PCG EMAIL SERVICES: SOUTHEASTFARMPRESS.COM - Stuck: What playing around with recent cotton survey and numbers reveals

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Thu Feb 12 17:25:16 CST 2015


SOUTHEASTFARMPRESS.COM - Stuck: What playing around with recent cotton survey and numbers reveals

http://southeastfarmpress.com/markets/stuck-what-playing-around-recent-cotton-survey-and-numbers-reveals

Don Shurley, University of Georgia 
Wed, 2015-02-11 09:07 

As we all know, what's really and ultimately more important to the cotton market is crop conditions, expected yield and how many cotton acres will be harvested. But in the meantime, it's still interesting to play around with the (most-recent) numbers.

The National Cotton Council released its annual planting estimates. The expected US cotton acreage for 2015, based on a survey of producers from mid-December to mid-January, is 9.43 million acres-down almost 15 percent from last season. I think this number is pretty spot on.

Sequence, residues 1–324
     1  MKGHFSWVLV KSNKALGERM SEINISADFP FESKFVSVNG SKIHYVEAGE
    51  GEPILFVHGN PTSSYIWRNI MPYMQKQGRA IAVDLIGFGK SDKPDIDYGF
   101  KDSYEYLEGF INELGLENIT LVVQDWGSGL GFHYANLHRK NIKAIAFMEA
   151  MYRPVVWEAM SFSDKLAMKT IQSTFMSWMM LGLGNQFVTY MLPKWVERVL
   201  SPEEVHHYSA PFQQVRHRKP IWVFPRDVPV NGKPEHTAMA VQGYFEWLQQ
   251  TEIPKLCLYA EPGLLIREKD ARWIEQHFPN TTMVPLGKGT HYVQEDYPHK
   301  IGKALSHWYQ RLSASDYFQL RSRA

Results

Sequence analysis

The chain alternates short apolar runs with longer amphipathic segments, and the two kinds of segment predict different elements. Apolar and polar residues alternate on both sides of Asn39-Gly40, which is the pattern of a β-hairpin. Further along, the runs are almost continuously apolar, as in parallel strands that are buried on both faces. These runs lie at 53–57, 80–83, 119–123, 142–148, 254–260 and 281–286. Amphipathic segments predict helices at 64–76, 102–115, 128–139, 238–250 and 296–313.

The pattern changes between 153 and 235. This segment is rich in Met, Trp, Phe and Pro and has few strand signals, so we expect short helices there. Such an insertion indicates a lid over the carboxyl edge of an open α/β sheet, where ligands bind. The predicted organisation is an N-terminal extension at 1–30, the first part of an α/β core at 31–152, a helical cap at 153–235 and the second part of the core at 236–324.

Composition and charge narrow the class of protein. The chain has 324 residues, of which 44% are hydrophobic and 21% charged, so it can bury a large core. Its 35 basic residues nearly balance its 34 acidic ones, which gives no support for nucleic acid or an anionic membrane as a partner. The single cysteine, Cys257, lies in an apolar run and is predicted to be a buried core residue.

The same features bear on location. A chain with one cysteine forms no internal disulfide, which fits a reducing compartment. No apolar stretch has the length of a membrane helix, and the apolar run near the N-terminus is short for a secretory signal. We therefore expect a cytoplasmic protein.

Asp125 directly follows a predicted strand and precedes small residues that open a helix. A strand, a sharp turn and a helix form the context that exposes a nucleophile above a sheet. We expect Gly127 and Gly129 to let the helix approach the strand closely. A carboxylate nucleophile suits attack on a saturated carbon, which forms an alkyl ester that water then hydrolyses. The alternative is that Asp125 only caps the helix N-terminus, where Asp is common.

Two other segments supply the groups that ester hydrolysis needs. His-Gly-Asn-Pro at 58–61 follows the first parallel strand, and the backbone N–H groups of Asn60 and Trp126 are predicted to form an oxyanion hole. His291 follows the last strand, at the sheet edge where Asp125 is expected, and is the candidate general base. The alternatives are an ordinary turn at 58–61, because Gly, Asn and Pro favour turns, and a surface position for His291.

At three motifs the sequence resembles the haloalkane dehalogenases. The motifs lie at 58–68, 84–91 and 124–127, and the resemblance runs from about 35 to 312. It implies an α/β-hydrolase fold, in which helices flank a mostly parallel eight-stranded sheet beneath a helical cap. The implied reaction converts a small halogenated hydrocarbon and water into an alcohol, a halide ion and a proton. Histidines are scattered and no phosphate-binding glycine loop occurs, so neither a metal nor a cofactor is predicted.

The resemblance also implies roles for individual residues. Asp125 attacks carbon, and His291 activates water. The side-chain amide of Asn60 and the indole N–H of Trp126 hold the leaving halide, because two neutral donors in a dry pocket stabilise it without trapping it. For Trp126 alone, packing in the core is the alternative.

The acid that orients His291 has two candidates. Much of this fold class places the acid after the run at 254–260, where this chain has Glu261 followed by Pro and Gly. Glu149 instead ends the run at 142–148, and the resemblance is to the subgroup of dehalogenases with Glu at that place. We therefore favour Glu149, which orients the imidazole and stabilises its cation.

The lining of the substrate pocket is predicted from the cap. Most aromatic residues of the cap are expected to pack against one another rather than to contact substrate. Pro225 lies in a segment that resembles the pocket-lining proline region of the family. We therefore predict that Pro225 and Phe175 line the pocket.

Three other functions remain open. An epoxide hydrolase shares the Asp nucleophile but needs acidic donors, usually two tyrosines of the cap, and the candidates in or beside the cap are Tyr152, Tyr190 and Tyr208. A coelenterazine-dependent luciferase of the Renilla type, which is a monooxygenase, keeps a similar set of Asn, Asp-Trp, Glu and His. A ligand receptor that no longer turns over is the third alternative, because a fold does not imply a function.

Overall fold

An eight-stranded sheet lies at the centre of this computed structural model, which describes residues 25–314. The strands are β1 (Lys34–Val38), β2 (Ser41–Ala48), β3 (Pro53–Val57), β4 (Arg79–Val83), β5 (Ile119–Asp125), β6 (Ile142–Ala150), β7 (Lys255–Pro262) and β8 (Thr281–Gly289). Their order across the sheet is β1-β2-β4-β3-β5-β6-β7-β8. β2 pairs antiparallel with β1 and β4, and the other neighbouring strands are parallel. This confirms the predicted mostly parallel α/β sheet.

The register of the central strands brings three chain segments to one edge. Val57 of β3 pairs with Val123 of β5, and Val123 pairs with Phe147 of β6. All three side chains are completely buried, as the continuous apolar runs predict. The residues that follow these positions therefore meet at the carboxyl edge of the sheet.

USDA's first estimate will be out at the end of March and will differ from the NCC number, in part, influenced somewhat by what happens to markets and prices over the next month.

USDA's February production and supply/demand estimates were released. US cotton exports have been doing very well and it was anticipated that the 2014 crop year export number would be revised upward. It was from 10 million to 10.7 million bales. In a bit of a surprise, US mill use was adjusted down from 3.8 million bales in January to 3.65 million bales. This offsets some of the good news in the increased export number. A source with USDA tells me that mill use is behind pace of even last year and thus the more optimistic 3.8 estimate had to be adjusted down.

Let's do the numbers

The average US cotton yield for the past 10 years has been 822 pounds. The average abandonment for the past 10 years has been 16 percent. Applying this to the NCC's 9.43 planted acreage figure would give an estimated 2015 crop of 13.6 million bales compared to 16.08 million bales for 2014.